A speech not built to last

Jonathan Horn Former Bush Speechwriter
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More than 10 years after the attacks of September 11, 2001 quashed quaint notions about the end of the Cold War bringing “an end to history,” President Barack Obama all but declared history over once again in Tuesday night’s State of the Union address. This time, at least, history ended with clapping.

Give Obama credit for starting strong. In the opening two minutes, he packed a punch with a deserved applause line for killing Osama bin Laden and less-deserved ones for removing all U.S. troops from Iraq and winding down the war in Afghanistan as if the future of those two countries had no bearing on America’s future.

Thus began the first State of the Union in 10 years with no direct reference to the 9/11 attacks. Instead of pushing the advance of freedom, Obama declared “the defining issue of our time” to be economic fairness.

Who could argue? By saying so from the bully pulpit, Obama made it so. His friends in the media and even some Republicans were all too happy to pick up the theme by piling on former Massachusetts Governor Mitt Romney’s tax returns.

Lest any of Obama’s surrogates miss his meaning, the word “fair” appeared seven times more often than the word “freedom” in his speech — a strange balance given that Americans have traditionally derived their sense of fairness from their God-given right to freedom.

Obama previewed this rhetorical shift shortly before the 10-year anniversary of 9/11 when he summoned a joint session of Congress for a lecture about the economy without even mentioning the attacks. Contrast that performance with the special message that President George W. Bush delivered to Congress after the hijackings. “We have found our mission and our moment,” Bush said then of the advance of freedom.

Listening to Tuesday’s State of the Union, one could only conclude that this moment has passed. Lost was all sense of priorities or purpose. Even by State of the Union standards, Obama’s address made a muddled mess. It careened from one topic to another with haphazard transitions like this rich insight into the financial crisis: “Of course, construction workers weren’t the only ones who were hurt.”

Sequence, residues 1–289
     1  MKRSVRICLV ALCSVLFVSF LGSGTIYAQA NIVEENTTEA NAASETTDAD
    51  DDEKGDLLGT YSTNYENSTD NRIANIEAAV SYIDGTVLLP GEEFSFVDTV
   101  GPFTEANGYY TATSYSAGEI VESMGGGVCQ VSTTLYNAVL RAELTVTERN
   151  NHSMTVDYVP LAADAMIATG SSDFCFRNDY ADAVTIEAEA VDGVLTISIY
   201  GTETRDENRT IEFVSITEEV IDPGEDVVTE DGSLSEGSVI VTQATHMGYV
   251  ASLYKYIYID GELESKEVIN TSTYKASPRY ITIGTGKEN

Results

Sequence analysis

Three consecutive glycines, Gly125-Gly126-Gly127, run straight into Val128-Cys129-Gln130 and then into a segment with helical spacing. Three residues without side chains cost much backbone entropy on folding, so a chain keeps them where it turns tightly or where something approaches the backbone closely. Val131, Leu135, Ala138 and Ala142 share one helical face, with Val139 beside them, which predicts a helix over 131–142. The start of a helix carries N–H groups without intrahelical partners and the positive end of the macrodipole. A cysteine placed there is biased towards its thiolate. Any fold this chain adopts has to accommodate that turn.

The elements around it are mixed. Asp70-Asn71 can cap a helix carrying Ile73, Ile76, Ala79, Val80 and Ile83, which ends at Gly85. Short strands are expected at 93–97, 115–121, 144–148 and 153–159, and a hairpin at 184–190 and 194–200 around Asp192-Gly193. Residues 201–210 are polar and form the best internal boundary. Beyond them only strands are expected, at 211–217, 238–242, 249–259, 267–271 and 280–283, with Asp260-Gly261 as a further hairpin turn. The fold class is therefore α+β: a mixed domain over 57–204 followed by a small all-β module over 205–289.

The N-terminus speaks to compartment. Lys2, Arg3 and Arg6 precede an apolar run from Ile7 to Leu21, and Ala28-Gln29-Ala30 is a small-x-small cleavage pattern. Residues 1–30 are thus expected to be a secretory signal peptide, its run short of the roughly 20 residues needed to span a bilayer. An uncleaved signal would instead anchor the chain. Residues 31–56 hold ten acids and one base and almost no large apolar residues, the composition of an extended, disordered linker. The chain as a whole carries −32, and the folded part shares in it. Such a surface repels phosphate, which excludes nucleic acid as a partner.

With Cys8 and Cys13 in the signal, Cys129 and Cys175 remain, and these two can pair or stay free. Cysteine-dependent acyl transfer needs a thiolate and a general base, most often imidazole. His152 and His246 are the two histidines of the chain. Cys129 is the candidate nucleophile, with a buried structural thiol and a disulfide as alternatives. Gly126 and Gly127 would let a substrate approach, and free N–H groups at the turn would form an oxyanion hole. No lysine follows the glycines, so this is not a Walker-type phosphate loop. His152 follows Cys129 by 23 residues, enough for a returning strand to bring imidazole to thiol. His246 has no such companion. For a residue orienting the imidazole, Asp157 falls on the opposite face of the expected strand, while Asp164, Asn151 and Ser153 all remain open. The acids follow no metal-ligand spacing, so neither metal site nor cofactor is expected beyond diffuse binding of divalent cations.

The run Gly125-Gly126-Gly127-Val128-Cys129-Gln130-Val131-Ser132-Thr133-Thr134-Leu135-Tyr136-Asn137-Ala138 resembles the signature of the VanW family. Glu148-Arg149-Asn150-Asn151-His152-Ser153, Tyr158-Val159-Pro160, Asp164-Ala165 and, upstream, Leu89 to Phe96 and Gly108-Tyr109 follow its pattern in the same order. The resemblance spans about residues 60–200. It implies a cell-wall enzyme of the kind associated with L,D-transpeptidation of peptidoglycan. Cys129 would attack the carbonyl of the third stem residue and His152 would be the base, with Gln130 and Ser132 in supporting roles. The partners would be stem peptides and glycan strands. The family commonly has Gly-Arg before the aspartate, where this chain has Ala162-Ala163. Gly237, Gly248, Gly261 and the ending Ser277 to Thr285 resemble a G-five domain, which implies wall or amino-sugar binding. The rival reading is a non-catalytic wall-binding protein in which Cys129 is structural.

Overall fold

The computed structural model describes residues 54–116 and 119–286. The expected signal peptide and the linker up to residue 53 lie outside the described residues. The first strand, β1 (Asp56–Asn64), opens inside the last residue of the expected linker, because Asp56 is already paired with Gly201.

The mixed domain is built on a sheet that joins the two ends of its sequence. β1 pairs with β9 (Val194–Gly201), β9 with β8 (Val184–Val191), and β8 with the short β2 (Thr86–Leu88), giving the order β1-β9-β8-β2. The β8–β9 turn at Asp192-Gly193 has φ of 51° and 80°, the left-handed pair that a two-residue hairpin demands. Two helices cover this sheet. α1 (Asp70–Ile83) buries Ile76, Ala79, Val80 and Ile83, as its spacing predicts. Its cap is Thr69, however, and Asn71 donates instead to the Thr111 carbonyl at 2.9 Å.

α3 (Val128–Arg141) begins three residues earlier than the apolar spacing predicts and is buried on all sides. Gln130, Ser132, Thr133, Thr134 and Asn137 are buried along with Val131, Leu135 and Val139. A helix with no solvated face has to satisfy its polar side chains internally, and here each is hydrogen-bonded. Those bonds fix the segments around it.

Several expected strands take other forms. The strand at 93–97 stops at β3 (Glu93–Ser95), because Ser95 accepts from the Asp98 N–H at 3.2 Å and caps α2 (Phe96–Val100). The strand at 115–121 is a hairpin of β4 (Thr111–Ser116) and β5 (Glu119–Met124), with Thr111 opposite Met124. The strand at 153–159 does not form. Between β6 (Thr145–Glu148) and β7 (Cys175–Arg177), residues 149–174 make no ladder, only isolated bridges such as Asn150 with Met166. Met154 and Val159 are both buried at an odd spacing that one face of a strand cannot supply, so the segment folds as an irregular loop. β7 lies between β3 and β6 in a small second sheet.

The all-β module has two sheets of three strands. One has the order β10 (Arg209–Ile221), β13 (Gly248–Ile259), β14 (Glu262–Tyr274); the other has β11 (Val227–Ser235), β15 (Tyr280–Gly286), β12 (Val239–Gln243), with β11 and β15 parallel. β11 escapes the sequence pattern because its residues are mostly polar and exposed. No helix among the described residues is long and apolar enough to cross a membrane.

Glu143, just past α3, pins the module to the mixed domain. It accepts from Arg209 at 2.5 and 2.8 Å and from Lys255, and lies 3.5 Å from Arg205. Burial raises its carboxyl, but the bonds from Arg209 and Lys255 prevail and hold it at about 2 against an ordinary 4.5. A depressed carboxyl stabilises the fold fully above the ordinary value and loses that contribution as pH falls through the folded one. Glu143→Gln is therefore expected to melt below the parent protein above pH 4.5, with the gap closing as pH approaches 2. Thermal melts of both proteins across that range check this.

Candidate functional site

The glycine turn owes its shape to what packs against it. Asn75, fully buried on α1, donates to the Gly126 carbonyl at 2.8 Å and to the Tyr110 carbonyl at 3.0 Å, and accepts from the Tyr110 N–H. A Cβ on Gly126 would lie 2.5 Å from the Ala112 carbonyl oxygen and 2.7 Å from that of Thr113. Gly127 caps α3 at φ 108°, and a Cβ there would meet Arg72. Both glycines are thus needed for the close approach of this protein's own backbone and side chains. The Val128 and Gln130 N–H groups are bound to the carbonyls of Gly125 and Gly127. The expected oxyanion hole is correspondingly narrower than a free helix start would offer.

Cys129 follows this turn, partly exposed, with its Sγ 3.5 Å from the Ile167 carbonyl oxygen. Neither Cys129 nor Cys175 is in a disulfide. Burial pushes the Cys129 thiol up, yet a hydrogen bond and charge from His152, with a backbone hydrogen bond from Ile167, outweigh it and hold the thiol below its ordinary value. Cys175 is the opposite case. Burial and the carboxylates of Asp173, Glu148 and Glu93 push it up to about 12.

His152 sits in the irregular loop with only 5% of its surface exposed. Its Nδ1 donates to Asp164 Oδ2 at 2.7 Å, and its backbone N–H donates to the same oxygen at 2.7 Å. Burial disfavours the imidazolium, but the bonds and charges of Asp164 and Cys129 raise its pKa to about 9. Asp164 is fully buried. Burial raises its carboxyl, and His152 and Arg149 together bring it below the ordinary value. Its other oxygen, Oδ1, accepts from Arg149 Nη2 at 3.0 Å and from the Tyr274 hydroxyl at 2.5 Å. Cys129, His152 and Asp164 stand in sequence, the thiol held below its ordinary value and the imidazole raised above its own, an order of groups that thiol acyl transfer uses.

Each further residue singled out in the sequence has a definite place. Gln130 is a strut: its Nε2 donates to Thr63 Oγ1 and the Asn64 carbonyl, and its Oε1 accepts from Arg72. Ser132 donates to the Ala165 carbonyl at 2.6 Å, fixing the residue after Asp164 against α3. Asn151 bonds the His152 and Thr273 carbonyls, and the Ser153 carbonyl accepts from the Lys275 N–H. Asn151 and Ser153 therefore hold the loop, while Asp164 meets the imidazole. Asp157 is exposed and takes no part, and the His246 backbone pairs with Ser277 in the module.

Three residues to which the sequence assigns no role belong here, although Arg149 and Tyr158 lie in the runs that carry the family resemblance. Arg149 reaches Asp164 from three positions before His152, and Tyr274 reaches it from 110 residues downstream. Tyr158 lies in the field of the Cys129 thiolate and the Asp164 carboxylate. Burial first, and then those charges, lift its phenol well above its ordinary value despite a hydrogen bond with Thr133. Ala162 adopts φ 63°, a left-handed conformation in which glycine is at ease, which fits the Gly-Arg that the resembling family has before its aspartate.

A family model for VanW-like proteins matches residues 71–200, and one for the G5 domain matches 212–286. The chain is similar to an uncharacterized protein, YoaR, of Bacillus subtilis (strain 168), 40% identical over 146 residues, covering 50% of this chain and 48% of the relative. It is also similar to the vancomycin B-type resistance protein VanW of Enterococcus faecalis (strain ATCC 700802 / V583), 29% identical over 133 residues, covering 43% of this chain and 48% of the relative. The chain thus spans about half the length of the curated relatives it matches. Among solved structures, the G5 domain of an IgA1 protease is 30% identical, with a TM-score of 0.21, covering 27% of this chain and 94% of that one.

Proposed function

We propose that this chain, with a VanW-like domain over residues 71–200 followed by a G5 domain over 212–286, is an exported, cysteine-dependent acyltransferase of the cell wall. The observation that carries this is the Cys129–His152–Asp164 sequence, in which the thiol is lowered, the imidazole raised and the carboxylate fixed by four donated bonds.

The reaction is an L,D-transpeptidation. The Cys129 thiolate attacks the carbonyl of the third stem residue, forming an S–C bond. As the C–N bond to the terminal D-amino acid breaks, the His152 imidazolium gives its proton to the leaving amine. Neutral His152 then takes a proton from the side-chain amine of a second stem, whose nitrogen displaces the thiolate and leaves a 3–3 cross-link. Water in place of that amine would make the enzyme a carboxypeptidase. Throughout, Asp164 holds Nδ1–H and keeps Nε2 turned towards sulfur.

Lost also was all sense of time. At their best, presidential speeches put events in historical context. At their worst, presidential speeches divorce present challenges and policies from the past and future. Tuesday night’s performance was the latter.

Most striking was the break with the past given the speech came at the beginning of an election year. At a time when most presidents would wax about their achievements, Obama wisely left most of his resume on the cutting room floor.

The stimulus that dominated the opening months of the administration could not even buy a line while the White House speechwriters rationed health care reform to only a couple mentions. No doubt Obama’s advisers recommended downplaying these legislative victories that Americans once heard would lift up the economy.

The failure of these policies explains why Obama also avoided looking too far into the future. He only promised to work toward “an economy built to last.” Whatever that phrase means, it does not set a high bar for growth.

After years of stagnant growth, it is difficult to persuade Americans that better days are around the corner. So instead of raising hopes for expanding the economic pie, Obama asked Americans to settle for dividing what they have today into smaller pieces.

Hence, the president’s preference for fairness over freedom. To win re-election, he needs to convince the “growing number” of families struggling to “get by” that their problems are the result of “a shrinking number of people” who “do really well.” In other words, blame the free market; blame the one percent; just don’t blame Obama.

The speech reached the height of absurdity when Obama gestured toward the woman sitting with his wife in the balcony — Warren Buffett’s secretary, who, according to Washington lore, pays a higher tax rate than her billionaire boss. Obama wants this alleged outrage to represent his campaign for class fairness, but Buffett represents no class because his extraordinary wealth puts him in a class to himself.

Such gimmicks say nothing about the state of our union and everything about the state of Obama’s presidency. With serious challenges at home and abroad, the administration can only offer passing distractions to escape the demands of history.

After every State of the Union, commentators ask whether the president’s words will stand the test of time. Too bad Obama’s are already lost in time. Guess they weren’t built to last.

Jonathan Horn was a speechwriter and special assistant for President George W. Bush. He is now the President and CEO of Jonathan Horn Communications, LLC and a senior strategist at Oval Office Writers, LLC